What is the perfect exhaustion remedy after a crazy introduction to Europe? (in Edinburgh: see previous post here) More fast-paced truthful travel, of course!
Glasgow, Bath and Cornwall were amazing, each in their own ways. We decided to add these three stops to our trip for various reasons. Most important was Cornwall, which is where my grandmother is from.
The days were filled with hours and hours of driving in a car where we had now mastered the intricacies involved in left-side driving. They were of course also filled with many questionable, embarrassing and delightful moments.
Truthful Travel Lesson #5
Commit to your bravery
We spent our time in Glasgow mainly around the university. We found a place to grab breakfast before touring around, and were super excited to order a big “British” breakfast. The menu had an option with everything we wanted: eggs, toast, sausages, beans, and mushrooms. It also had something called “black pudding” which Adrian asked to substitute with something else. Hmm. I had heard of this dish before, and I knew it was something strange, but for the life of me I could not remember what it was. Embarrassed to be in the country of my ancestors and not know what a certain delicacy was, I assured Adrian I knew what it was and that I wanted it.
When the food came, it resembled a very burnt round sausage. Cool. I resigned myself to just getting on with it and eating whatever it was. It had a very strange taste. It was not awful, but it was not really something I enjoyed. A few minutes later my bravery wore off and I confessed I had no idea what I was slowly and cautiously chewing in my mouth. I found out from that it was blood sausage. Well. Not exactly what I was hoping for to start off my day. The rest of it remained uneaten on my plate.
That morning I realized that sometimes it is just better to not question what you are eating until after you have finished it. It was not something awful, just something different. Yet as soon as I realized what it was, that was it for me. I could have completed my cultural experience by finishing the food, and nothing in my life would have negatively changed. What’s the truthful travel lesson? Once you decide to be brave, see it through until the experience is complete. Finish the damn blood pudding, or whatever it is, and then you can question or regret your choices.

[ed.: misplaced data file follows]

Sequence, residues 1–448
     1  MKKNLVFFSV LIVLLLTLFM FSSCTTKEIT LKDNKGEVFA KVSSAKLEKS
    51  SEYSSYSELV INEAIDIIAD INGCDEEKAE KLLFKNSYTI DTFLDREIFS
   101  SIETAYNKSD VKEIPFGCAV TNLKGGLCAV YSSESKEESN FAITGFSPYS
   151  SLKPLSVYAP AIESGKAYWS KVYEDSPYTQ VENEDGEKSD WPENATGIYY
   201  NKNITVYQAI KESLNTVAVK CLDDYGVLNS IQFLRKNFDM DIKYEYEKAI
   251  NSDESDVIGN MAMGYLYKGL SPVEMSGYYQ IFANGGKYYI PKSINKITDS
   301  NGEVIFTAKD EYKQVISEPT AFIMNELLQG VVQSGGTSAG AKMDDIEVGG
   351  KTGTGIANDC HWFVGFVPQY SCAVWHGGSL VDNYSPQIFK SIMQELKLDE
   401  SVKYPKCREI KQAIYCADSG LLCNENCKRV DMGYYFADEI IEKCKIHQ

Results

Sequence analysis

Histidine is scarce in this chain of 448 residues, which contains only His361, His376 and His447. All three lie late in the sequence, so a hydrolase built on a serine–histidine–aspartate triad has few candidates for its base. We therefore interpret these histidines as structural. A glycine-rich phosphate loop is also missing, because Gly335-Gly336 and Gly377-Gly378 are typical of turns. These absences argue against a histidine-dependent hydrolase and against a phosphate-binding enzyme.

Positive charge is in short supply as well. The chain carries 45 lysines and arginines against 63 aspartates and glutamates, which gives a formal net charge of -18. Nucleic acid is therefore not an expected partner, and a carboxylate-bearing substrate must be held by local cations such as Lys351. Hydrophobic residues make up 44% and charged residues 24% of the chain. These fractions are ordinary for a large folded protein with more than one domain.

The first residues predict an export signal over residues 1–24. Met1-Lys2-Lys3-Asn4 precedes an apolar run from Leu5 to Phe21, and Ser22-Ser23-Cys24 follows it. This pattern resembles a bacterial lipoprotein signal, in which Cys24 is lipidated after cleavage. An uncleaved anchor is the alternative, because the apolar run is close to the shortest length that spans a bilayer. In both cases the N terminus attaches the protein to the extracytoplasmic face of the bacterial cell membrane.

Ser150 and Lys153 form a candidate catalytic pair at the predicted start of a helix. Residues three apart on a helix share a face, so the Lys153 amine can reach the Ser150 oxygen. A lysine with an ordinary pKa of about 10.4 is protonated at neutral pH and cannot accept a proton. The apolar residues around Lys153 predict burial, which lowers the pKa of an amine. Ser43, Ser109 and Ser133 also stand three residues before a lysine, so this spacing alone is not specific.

Truthful Travel Lesson #6
Look before you speak
We spent the morning walking around the University of Glasgow grounds. Built in 1451, the many buildings were apparently a huge style inspiration to Hogwarts on the big screen. Still giddy with all things Scottish, I was excited to hear people speak, buy University apparel, and take in the amazing history. As we were touring, I heard bagpipes off in the distance. SO excited, I started walking faster and faster, following their sound. A church! And music! I instantly thought it must be a wedding! How exciting!! I was still coming down from my own wedding high, still had my wedding-colored glasses on, and thought to myself “My wedding would have been EVEN better with bagpipes.”
Almost running at this point, I was getting closer and closer. I told Adrian they were bagpipes at a wedding, but someone other than Adrian replied. And they did not sound as excited as I did. It was someone who was working the event, and he informed me in a very British no nonsense way that it was actually a funeral. That changed my mood super fast. I stopped prancing giddily towards the event, and put my head down as we passed the church where mourners dressed in black were walking up the steps. Oops.